Beast movie starring Thalapathy Vijay and Pooja Hegde is creating havoc at the box office, but does it deserve the hype it’s generating?
The film has opened up in jam-packed theatres, but fans are coming out disappointed and dismayed. Beast movie suffers from the sluggish writing in the second half and fails to live up to the promise before the interval.
Beast is a wannabe Die-Hard of Indian cinema that focuses on a spy who fights off terrorists while being trapped in a mall with many hostages.
Director Nelson Dilipkumar completely had the excellent opportunity of turning the enthralling plot into a nerve-wracking thriller to create a film that relies heavily on Vijay’s stardom to propel it to the status of a blockbuster.
Die-Hard Thalapathy Vijay fans who love action without purpose might be pleased by this pathetic screenplay that Dilipkumar has put on the screens.
Beast Movie Cast:
Thalapathy Vijay is cast as Veera Raghavan, a RAW agent who is quick, sly, bold and commanding.
Pooja Hegde makes her return to the Tamil film industry after 10 years as the main female lead and portrays the role of Preeti.
Beast follows a spy who founds himself trapped in a shopping mall when the terrorist decides to take over the building to fulfil their ulterior motives.
The larger than life hero, Veera Raghavan, takes it upon himself to go against the bunch of armed terrorists all alone without waiting for the support from armed law enforcement after hearing the screams of a young girl.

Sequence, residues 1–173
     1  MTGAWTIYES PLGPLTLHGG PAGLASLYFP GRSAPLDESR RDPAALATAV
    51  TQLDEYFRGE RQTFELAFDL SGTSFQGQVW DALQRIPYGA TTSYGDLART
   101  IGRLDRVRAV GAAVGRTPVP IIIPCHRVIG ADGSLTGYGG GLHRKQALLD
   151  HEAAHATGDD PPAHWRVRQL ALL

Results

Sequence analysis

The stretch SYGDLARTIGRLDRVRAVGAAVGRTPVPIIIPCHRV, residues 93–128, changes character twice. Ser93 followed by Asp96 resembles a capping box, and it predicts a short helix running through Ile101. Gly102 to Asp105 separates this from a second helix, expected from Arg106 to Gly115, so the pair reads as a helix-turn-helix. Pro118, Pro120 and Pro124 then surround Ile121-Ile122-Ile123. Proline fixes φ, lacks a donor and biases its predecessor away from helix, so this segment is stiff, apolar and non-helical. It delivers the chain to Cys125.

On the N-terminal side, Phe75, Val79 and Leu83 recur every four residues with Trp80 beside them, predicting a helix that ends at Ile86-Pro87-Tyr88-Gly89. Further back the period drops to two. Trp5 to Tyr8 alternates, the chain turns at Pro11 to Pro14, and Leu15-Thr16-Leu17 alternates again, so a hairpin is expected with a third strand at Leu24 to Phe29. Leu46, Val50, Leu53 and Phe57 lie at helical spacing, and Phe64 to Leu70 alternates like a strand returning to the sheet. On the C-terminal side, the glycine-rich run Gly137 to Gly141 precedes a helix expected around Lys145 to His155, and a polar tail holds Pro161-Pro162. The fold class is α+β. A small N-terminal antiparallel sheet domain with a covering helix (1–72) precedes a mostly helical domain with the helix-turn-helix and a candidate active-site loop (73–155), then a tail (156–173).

The film then follows Veera’s journey of taking down the terrorists single-handedly while managing his budding love story with Preeti on the side.
Beast movie fails to live up to the height and buzz it created before the release. Thalapathy Vijay is excellent in his role of a dashing and unfazed spy, and the returning Pooja Hegde also delivers a decent performance.
However, what lets down the film is the storyline that becomes mundane and predictable after the interval.
The movie is fast-paced and engaging in the first half with some great action sequences and world-building, but the second half of the film drops the mantle and ruins the experience for the viewers.
The jitters that should be present in an action-thriller climax are surprisingly absent from the movie, and little hints and clues always give away the next move our hero is going to play.
The film could have done a lot better, even if the climax was written much better, but what’s done is done, and Beast turns out to be a forgettable experience.
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